Here are the main events in Politics that occurred over the past week:
1. Trump Impeachment Talk Begins to Gain Traction in Congress
This past week, support for the impeachment of President Donald Trump began to pick up steam amid continuing fallout from the President’s post-Charlottesville remarks and the continuing investigations into the connections between his 2016 campaign and Russian President Vladimir Putin. On August 21, Congressman Steve Cohen (D-TN’s 9th Congressional District) announced that he will be filing articles of impeachment against President Trump. Arguing that “no moral president would ever shy away from outright condemning hate, intolerance, and bigotry and that “no moral president would ever question the values of Americans protesting in opposition of such actions,” Cohen (who himself is Jewish and represents a Congressional district with a sizeable African-American population) correctly argues that President Trump has failed the test of leadership and character and must be impeached and removed from office.
Thus far, Congressman Cohen is the third member of Congress who has filed impeachment articles against President Trump. The other two members were Congressman Al Green (D-TX’s 9th Congressional District) and Brad Sherman (D-CA’s 30th Congressional District). Even though it is unlikely that the House Speaker Paul Ryan will bring any of the impeachment resolutions to the House floor for a vote, they do show that President Trump is becoming increasingly unpopular in the eyes of everyday voters and that he has thus far failed in his duties as President.
2. Trump Restores Military Ban on Transgender Individuals
On August 25, President Donald Trump ordered the military via executive order not to move forward with an Obama-era plan that would have allowed transgender men and women to serve in the armed forces. The executive order also prohibits the Department of Defense from using its resources to provide medical treatment regimens for transgender people currently serving in the military. President Trump also directed the Department of Defense and Department of Homeland Security to determine how to address transgender individuals currently serving based on military effectiveness and lethality, budgetary constraints, and applicable laws. Furthermore, White House offered no guidance as to how the ban would be implemented, leaving transgender service members wondering about their future in the military.
President Trump’s announcement was met with universal condemnation by members of both parties and civil rights advocates, who feel that Trump’s decision reversed nearly a decade of progress for LGBT rights and went against the findings of numerous studies revealing that allowing transgender individuals to serve in the military has a minimal impact overall. Additionally, critics of the decision feel that it is an example of President Trump playing into his far-right political base as a way to gain higher levels of support in response to the mounting legal and ethical charges that threaten to bring down his Presidency.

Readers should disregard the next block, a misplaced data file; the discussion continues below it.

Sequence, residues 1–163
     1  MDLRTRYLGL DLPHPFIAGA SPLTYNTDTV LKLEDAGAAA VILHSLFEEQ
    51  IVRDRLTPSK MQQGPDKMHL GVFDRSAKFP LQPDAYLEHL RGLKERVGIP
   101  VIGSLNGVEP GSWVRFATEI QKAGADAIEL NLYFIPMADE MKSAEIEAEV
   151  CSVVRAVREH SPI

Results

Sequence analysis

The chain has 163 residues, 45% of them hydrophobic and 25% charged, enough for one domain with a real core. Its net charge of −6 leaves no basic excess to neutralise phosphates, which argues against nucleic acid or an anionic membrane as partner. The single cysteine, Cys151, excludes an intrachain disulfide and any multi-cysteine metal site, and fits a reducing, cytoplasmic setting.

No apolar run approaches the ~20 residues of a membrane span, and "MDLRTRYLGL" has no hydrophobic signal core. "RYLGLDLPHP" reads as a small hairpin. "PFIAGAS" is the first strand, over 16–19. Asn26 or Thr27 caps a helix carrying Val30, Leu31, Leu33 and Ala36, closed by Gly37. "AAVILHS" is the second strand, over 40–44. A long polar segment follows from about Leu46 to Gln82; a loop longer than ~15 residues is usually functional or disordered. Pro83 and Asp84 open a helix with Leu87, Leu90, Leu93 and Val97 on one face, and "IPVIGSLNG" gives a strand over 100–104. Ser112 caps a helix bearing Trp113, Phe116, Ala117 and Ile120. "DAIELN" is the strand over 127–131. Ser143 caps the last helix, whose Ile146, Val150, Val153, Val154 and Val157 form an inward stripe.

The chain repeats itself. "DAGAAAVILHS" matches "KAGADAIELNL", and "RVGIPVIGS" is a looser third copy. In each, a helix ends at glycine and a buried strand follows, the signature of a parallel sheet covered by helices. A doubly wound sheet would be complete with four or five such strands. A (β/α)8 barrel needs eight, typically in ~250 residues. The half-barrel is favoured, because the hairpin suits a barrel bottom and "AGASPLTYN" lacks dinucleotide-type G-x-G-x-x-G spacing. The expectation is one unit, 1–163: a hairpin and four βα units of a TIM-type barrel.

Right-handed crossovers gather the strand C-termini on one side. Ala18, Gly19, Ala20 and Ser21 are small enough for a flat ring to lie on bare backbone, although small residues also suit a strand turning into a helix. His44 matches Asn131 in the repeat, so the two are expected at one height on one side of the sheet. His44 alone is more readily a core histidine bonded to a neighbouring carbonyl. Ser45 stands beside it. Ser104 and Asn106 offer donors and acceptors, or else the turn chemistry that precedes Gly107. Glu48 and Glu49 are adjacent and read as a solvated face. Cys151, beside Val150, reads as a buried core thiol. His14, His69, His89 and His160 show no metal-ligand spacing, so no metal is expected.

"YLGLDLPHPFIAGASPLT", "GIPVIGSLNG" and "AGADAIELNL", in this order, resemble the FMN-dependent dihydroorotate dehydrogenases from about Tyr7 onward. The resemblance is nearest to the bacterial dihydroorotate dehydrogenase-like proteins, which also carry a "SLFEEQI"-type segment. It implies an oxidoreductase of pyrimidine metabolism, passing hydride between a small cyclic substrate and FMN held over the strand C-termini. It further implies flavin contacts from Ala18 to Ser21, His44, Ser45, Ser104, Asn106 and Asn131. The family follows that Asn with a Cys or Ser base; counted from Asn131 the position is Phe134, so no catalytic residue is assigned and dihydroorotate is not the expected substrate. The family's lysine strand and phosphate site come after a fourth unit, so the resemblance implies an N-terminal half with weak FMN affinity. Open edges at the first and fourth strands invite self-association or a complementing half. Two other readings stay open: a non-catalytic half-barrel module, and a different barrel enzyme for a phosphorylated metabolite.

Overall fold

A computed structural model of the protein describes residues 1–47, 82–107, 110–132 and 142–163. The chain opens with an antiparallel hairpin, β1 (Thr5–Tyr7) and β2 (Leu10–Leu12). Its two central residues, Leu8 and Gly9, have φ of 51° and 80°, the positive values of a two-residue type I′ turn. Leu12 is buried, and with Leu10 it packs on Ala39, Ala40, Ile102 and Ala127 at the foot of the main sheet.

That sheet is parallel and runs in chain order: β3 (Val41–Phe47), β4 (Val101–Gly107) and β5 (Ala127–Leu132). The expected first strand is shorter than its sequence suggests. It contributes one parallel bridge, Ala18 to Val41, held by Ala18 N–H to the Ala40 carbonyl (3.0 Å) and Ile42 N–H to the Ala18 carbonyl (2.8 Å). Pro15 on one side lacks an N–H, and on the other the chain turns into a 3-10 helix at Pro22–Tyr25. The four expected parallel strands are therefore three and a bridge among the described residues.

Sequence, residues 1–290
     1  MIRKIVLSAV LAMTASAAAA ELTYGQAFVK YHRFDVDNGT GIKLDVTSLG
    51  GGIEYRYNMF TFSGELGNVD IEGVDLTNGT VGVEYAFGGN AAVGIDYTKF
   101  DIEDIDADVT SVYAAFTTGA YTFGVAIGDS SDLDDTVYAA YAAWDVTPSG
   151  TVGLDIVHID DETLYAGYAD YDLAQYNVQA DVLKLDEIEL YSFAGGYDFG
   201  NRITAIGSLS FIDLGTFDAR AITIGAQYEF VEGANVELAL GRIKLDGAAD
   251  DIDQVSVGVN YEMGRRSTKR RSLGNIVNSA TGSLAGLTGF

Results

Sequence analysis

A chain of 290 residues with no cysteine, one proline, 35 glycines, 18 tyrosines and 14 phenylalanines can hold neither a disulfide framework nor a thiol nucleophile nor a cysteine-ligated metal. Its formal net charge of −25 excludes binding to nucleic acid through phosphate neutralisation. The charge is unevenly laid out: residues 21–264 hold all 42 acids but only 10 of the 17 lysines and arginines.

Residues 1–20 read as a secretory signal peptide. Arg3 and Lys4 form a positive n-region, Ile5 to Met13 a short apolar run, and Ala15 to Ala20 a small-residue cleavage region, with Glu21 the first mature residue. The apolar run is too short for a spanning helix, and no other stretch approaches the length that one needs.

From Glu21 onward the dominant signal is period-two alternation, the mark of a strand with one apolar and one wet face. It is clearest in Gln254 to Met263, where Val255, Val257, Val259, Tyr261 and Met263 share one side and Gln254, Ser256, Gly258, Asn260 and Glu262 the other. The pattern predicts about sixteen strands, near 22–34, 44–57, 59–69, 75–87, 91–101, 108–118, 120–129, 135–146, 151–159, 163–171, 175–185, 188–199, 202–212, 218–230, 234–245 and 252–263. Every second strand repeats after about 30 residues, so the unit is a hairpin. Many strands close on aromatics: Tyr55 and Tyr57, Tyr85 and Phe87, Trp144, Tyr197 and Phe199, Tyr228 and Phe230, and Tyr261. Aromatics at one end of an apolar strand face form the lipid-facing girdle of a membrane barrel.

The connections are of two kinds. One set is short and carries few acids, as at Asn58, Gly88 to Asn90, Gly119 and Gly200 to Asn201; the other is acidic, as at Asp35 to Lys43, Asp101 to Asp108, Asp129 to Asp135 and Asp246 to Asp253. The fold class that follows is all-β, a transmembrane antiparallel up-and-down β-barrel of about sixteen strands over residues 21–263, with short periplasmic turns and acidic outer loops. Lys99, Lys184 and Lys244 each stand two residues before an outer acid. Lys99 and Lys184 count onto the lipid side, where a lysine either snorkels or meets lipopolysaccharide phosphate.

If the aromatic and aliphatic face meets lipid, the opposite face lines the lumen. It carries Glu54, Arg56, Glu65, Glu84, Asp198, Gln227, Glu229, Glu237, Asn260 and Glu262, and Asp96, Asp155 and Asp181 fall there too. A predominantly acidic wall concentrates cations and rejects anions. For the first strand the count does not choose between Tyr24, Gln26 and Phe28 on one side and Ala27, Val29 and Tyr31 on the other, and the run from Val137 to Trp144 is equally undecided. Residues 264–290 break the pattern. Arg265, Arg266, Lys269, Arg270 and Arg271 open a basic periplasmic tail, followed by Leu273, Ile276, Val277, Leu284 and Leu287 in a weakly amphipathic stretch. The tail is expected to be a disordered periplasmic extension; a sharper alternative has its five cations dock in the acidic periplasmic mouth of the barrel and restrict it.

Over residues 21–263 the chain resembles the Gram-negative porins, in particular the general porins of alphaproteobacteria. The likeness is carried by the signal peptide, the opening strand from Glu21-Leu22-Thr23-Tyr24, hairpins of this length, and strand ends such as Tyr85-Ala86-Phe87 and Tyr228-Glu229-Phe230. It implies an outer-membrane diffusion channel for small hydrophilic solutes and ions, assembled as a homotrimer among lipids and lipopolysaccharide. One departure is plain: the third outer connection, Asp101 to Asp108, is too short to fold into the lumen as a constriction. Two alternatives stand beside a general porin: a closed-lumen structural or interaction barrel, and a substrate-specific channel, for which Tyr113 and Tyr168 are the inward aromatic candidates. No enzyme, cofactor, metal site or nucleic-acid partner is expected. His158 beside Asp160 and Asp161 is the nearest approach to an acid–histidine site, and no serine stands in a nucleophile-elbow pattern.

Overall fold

3. Russian President Vladimir Putin appoints new Russian ambassador to the US
On August 21, Russian President Vladimir Putin announced that he would be naming Anatoly Antonov as the new ambassador to the US, replacing the embattled Sergey Kislyak, who is at the center of allegations regarding the collusion between President Donald Trump and the Russian government. Antonov has served in the Russian foreign service since 1978 and previously served as Deputy Defense Minister from 2011 to 2016. In his capacity as Deputy Defense Minister, Antonov was personally sanctioned by the European Union following Russia’s military intervention in Ukraine and has also accused NATO of turning Ukraine into a “frontline of confrontation” with Russia.Widely considered to be a hardliner against the West, Antonov takes office at a time in which the relationship between Russia and the US is at a level lower than it was during the peak of the Cold War (1955-1963) and he is regarded by most observers to do little but inflame the escalating tensions between Russia and the US.
4. ‘Strong indications’ Trump Administration Will Not Recertify Iranian Compliance With The Nuclear Deal
This past week, several members of the Trump Administration signaled that the President will likely not recertify Iran’s compliance in following the 2015 nuclear agreement. If that happens, some observers believe it risks alienating U.S. allies, as the 2015 nuclear agreement was also signed by Great Britain, France, Germany, Russia, and China. The White House sent Nikki Haley, the UN Ambassador, to Vienna on Augst 23 to meet with officials from the International Atomic Energy Agency. During the visit, Haley “discussed the IAEA’s verification and monitoring of Iran’s nuclear-related commitments.” Additionally, Haley fallaciously stated this week that the Iranian government is a supporter of terrorism and that it cannot be permitted to use the nuclear deal to justify its alleged actions.
The Trump administration has certified Iran’s compliance twice under a law that requires it to notify Congress of Iran’s compliance every three months. The next review period ends on October 1st. President Trump’s action in not certifying Iran’s compliance with the nuclear agreement threatens to put both Iran and the US on the path of a war and to further isolate the US on the international stage. Another reason why the Trump Administration may not seek to recertify Iran’s compliance with the nuclear agreement is that it will diminish the Administration’s central argument that a regime change initiated by the US, Israel, and Saudi Arabia is the only viable political solution for Iran.